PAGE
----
To read a message or to move a message to another folder, you need to obtain a reference to the folder that the message is in, or the folder where it will be moved. Almost anything you do programmatically in Outlook, including obtaining folder references, involves the Namespace object. Outlook is designed to handle more than one namespace, with each namespace representing a different source of data. At present, however, only a single data source, named MAPI, is supported. To work with the MAPI namespace, you obtain a reference to the MAPI Namespace object, as follows:

Dim myNS As Namespace
Set myNS = GetNamespace("MAPI") 

Once you have a reference to the Namespace object, you're ready to obtain your folder references. For the Inbox folder, this is a simple process; because the Inbox is one of Outlook's default folders, you can use the GetDefaultFolder function. Its syntax is:

GetDefaultFolder(folder)

where folder is a constant identifying a specific default folder. The constants for the e-mail-related default folders are as follows (with the constant's current value in parentheses):

  • olFolderDeletedItems (3)
  • olFolderDrafts (16)
  • olFolderInbox (6)
  • olFolderOutbox (4)
  • olFolderSentMail (5)

The following code, for example, obtains a reference to the Inbox folder:

Dim myInbox As MAPIFolder
Set myInbox = myNS.GetDefaultFolder(olFolderInbox) 

For non-default folders - ones you've created in Outlook - the process isn't so simple. You must look through the existing folders until you find one with the desired name. This is done using Outlook's Folders collections. Here's how things are organized:

  • The Namespace object has a Folders collection that contains all of the namespace's top-level folders. Each folder is represented by a MAPIFolder object. Typically, there's only one top-level folder in Outlook, named Personal Folders.
  • Each top-level folder has its own Folders collection, which contains one MAPIFolder object for each subfolder. Typically, the Personal Folders folder contains the Inbox folder, the Deleted Items folder, the Sent Items folder, as well as any custom folders you've created.
  • Each subfolder has its own Folders collection, containing subfolders. There's no limit on the number of levels of nesting of subfolders.
  • If a folder doesn't contain any subfolders, its Folders collection will be empty.

To locate and obtain a reference to a non-default folder, you need to look through the Namespace object's Folders collection, and then through the Folders collection of each of those folders until all levels of subfolders have been examined. For each folder, look at the MAPIFolder.Name property to determine the folder name. I don't have the space in this article to explain the details of using collections, but the following code shows how it's done (you can refer to the VBA online help for more information on collections):

Dim folder1 As MAPIFolder
Dim folder2 As MAPIFolder
Dim FoundFolder As MAPIFolder
  
Set FoundFolder = Nothing
For Each folder1 In myNS.Folder
   For Each folder2 In folder1.Folders
     If folder2.Name = "Immediate Attention" Then
       Set FoundFolder = folder2
     End If
   Next
Next

This code looks through all the first-level subfolders (that is, those folders at the same level as the Inbox) for a folder named "Immediate Attention." If the folder is found, the variable FoundFolder is set to refer to it. Otherwise, this variable will hold the special value Nothing. The code assumes that myNS is a reference to the MAPI Namespace object.

Once you have a reference to a non-default folder, you can access the messages it contains. More important to the current task, you can also move messages to the folder. You'll see how this is done soon.

Accessing Messages

Every folder has an Items collection associated with it. For folders that contain mail messages, this collection contains one MailItem object for each mail message in the folder. By looping through this collection, you can access every message in the folder. You use the MailItem object's properties to obtain information about the message. The properties relevant to the current discussion are described in FIGURE 4.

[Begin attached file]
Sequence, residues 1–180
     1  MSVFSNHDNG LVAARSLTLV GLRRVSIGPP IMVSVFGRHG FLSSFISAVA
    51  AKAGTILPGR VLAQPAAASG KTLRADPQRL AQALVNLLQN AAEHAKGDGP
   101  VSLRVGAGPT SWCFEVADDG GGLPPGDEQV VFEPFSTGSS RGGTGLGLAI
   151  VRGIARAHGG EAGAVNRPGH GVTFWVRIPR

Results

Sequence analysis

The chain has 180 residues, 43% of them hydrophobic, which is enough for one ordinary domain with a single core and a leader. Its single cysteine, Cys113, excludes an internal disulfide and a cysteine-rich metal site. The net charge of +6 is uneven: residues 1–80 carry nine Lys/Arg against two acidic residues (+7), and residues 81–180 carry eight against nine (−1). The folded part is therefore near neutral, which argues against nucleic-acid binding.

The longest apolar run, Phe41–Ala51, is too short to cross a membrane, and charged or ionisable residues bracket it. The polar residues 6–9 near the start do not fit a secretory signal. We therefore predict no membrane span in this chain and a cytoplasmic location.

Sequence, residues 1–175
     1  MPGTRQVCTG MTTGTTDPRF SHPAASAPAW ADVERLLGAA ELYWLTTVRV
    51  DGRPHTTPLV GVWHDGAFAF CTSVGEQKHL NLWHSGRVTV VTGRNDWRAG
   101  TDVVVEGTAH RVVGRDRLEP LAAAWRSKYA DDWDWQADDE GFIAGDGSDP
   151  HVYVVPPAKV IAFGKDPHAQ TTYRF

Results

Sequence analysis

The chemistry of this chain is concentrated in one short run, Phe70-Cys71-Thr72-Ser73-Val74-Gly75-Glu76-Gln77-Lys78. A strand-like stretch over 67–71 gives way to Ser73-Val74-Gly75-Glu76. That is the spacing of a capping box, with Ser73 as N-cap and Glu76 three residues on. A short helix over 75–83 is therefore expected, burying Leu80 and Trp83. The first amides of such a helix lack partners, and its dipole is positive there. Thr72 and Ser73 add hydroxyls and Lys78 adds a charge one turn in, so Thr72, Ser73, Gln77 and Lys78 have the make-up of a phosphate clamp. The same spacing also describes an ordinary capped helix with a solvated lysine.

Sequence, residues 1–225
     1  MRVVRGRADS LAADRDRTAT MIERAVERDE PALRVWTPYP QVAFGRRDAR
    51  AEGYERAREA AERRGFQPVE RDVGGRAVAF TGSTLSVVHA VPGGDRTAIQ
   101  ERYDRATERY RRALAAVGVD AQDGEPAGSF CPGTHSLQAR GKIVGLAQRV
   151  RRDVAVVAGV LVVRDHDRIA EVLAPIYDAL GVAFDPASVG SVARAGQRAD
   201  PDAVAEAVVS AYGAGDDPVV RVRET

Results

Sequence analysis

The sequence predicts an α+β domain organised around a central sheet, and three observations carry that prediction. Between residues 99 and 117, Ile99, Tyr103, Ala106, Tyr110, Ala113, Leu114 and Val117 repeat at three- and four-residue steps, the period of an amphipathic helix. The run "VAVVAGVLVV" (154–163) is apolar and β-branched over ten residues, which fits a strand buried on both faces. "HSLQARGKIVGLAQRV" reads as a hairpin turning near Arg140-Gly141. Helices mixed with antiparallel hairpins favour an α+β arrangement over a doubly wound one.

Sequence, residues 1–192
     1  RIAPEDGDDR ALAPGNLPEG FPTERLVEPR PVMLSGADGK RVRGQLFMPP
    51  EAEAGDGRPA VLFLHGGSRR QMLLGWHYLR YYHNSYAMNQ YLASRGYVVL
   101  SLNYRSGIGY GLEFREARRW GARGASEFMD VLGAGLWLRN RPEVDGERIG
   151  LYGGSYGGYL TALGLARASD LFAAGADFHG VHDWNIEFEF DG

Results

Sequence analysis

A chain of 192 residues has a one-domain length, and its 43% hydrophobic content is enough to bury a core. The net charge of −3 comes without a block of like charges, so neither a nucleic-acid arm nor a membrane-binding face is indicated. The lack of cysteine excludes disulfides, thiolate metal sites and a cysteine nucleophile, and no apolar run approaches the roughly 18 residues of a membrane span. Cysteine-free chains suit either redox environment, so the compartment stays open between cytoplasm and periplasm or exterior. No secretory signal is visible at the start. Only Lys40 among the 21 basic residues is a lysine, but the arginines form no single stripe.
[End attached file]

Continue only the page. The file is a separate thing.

Property

Description

Body

The message content (if the message is in plain text format).

HTMLBody

The message content (if the message is in HTML format).

Importance

The message importance as a constant value: olImportanceLow, olImportanceNormal, or olImportanceHigh.

SenderName

The display name of the message sender.

SentOn

A property of type Date specifying when the message was sent.

Subject

The message subject.

Unread

True, if the message has not been opened; False, otherwise.

FIGURE 4: Relevant MailItem object properties.

While the Inbox usually contains only mail messages, it can also contain a schedule item, or meeting request, that was sent to you. A real-world program will have to take this possibility into account, as you will see in the sample program presented later. For now, however, I will assume that the Inbox contains only mail messages.

Let's look at a quick example. Suppose you wanted to look through all the messages in the Inbox and see if there are any unread messages from Linda Cooper. The following code fragment shows how this is done (assuming that myNS is a reference to the MAPI Namespace):

Dim msg As MailItem
For Each msg In myNS.GetDefaultFolder(olFolderInbox).Items
   If msg.Unread = True And _
     msg.SenderName = "Linda Cooper" Then
     ' Message meets criteria.
   Else
     ' Message doesn't meet criteria.
   End If
Next

Moving and Deleting Messages

When you have a reference to a specific e-mail message, you can use its methods to perform various actions with the message. The two actions you're concerned with are moving a message to another folder, and deleting a message. The table in FIGURE 5 describes the methods for moving and deleting messages, as well as some other methods that are available with the MailItem object. Please refer to the online documentation for a full list of MailItem object methods.

Method

Description

Delete

Deletes the message.

Display

Displays the message.

Move (dest)

Moves the message to another folder where dest is a reference to the destination folder.

PrintOut

Prints the message.

FIGURE 5: Some methods of the MailItem object.

When deleting or moving messages, there's one important consideration to keep in mind. If you're using a For Each loop to iterate through the messages in the Inbox (and that's the best way to do it), you can't delete or move any messages before the loop has gone through all the messages. To understand why, let's look at a code example that deletes messages before the loop is finished: